Nutrition

All disease starts in the gut, and

just as food causes chronic disease, it can be the most powerful cure.

~ Hippocrates

THE IMPACT OF NUTRITION ON YOUR HEALTH

Your food choices each day affect your health — how you feel today, tomorrow, and in the future.

Good nutrition is an important part of leading a healthy lifestyle. Combined with physical activity, your diet can help you to reach and maintain a healthy weight, reduce your risk of chronic diseases (like heart disease and cancer), and promote your overall health.

Unhealthy eating habits have contributed to the obesity epidemic in the United States: about one-third of U.S. adults (33.8%) are obese and approximately 17% (or 12.5 million) of children and adolescents aged 2—19 years are obese.1  Even for people at a healthy weight, a poor diet is associated with major health risks that can cause illness and even death.

Dietary Guidelines for Americans

The Dietary Guidelines for Americans provide evidence-based nutrition information and advice for people age two and older to help Americans make smart choices about food and physical activity so they can live healthier lives.

A Better Way to Control Portions and Calories

At Precision Nutrition, they use a simple method that helps people build an awareness of what they’re eating. It’s easy, it’s portable, and it’s scaled to the size of the individual.

All you need are the ability to count to 2, and your own hand.

Here how it works:

• Your palm determines your protein portions.

• Your fist determines your veggie portions.

• Your cupped hand determines your carb portions.

• Your thumb determines your fat portions.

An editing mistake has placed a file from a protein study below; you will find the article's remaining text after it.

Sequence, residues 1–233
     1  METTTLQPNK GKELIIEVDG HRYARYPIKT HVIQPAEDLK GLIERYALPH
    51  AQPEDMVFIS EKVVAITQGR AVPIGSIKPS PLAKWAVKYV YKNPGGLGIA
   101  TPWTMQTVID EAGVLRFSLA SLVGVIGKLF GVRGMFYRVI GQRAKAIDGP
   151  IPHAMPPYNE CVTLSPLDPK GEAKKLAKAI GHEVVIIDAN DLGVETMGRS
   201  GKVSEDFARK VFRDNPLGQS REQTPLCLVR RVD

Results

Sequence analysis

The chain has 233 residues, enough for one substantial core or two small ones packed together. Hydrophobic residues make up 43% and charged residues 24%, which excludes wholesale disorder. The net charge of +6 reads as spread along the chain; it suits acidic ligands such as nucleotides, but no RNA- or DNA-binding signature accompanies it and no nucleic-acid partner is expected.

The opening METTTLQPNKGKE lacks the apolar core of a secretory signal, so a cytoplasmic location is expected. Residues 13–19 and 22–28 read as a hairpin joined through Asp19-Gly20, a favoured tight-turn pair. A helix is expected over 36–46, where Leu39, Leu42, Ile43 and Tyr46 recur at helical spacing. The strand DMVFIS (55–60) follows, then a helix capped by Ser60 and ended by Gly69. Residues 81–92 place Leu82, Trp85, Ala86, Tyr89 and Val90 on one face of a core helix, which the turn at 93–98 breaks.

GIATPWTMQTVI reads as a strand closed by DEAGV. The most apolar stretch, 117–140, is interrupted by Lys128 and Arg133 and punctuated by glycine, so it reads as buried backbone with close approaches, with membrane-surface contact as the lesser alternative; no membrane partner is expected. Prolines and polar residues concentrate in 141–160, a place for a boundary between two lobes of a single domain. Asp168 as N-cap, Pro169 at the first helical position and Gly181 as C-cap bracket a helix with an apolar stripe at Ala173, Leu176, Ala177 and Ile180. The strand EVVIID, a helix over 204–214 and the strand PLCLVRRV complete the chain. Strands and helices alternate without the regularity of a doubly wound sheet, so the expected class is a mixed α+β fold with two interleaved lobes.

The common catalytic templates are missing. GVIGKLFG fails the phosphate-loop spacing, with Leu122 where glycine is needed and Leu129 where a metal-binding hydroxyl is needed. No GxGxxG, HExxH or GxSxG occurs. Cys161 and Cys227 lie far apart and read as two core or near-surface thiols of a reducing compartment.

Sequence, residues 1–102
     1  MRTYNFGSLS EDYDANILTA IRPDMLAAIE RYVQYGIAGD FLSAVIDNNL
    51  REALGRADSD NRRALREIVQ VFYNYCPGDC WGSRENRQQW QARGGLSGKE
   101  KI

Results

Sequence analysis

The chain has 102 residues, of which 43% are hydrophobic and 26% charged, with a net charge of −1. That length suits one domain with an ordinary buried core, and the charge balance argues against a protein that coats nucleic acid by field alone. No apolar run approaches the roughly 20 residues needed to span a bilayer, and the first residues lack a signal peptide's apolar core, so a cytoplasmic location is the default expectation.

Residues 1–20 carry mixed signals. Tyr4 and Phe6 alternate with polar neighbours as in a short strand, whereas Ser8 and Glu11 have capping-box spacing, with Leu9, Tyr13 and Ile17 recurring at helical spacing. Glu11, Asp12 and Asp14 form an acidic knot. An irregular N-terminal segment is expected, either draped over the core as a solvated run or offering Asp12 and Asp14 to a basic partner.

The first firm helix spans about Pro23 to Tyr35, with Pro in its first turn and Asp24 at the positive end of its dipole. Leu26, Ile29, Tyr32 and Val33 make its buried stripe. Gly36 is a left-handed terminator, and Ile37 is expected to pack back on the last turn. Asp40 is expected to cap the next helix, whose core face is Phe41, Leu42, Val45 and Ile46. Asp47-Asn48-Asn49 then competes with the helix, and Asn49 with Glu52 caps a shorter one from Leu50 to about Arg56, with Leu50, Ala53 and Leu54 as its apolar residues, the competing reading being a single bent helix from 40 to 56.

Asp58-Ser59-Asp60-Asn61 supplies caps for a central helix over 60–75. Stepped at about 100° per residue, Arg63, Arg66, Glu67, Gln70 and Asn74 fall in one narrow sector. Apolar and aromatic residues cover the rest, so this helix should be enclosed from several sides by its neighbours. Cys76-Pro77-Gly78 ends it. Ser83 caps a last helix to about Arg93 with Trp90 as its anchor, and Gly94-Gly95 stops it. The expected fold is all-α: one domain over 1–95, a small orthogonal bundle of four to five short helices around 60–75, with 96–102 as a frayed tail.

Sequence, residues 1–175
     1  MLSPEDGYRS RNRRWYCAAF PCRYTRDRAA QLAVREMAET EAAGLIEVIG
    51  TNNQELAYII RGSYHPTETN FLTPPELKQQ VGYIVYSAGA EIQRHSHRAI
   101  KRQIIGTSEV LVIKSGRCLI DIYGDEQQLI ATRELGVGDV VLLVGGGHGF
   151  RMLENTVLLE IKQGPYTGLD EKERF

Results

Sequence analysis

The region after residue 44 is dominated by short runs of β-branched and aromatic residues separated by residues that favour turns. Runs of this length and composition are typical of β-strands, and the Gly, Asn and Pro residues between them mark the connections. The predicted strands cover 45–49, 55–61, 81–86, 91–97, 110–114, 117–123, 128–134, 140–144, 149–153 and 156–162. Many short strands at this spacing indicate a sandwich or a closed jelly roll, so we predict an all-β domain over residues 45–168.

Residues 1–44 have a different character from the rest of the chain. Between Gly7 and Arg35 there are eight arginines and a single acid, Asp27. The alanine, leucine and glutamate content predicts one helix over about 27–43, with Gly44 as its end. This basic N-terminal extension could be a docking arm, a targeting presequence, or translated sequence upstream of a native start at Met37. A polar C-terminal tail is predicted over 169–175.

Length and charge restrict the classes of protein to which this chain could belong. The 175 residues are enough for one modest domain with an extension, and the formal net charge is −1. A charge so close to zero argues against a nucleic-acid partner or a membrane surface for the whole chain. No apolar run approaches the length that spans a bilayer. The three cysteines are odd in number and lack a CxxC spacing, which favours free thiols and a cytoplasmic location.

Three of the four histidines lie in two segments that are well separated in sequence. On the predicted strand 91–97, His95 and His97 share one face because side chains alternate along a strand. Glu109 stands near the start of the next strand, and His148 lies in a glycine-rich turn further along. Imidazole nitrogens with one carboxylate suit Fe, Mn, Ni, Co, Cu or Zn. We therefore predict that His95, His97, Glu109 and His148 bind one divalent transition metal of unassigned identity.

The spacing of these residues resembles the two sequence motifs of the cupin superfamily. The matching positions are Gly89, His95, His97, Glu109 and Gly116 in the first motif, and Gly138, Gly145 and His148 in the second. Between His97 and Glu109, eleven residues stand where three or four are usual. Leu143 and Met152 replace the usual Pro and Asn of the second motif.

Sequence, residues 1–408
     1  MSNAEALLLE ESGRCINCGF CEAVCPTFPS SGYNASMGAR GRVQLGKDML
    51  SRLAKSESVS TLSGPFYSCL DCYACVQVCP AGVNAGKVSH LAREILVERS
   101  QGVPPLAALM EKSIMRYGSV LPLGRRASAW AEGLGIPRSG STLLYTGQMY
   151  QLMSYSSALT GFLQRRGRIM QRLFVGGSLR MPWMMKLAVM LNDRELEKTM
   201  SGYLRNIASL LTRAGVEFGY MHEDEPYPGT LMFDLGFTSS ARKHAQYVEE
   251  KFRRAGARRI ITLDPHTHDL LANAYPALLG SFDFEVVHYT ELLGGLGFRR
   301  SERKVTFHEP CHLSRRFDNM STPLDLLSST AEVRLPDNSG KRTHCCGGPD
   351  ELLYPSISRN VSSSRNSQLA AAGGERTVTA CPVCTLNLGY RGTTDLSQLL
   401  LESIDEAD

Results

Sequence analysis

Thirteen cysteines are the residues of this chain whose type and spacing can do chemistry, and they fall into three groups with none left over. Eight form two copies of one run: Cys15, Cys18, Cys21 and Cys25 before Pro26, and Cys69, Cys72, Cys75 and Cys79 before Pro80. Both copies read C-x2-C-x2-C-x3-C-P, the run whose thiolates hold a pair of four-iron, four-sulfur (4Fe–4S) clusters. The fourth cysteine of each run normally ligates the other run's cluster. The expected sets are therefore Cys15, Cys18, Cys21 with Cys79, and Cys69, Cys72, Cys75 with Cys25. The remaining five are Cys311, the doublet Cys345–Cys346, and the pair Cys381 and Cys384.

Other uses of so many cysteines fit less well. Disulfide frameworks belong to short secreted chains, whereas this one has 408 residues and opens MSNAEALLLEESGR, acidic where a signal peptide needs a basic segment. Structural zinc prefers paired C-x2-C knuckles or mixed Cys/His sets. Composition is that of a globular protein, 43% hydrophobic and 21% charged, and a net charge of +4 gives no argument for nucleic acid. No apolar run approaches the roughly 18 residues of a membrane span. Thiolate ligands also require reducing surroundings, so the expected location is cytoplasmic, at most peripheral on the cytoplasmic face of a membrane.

Of course, everybody is a little different. There’s not one “perfect” way of doing things, just as there’s not one “perfect diet” for everyone. But since bigger people tend to have bigger hands and smaller people have smaller hands, your own hand can be a personalized (and portable) measuring device for your food intake. True, some people do have larger or smaller hands for their body size. Still, hand size correlates pretty closely with general body size. And that means that with this system most people’s meals and portions will scale to their body size.

Let’s break down how this works one food group at a time.

How Much Protein Do Clients Need?

First, let’s start with protein.

For protein-dense foods like meat, fish, eggs, cottage cheese and Greek yogurt, use a palm-sized serving. This means a serving has the same thickness and diameter as your palm. Each palm-sized serving provides approximately 20–30 grams of protein.

For men, we generally recommend six to eight palm-sized portions of protein each day. To simplify further, we generally suggest two palm-sized portions in each meal, assuming clients eat four meals per day.

For women, we generally recommend four to six palm-sized portions of protein each day. For simplicity, this works out to roughly one palm-sized portion in each meal (again, assuming four meals per day).

This helps clients meet their protein needs to build muscle, burn fat, improve recovery and boost performance.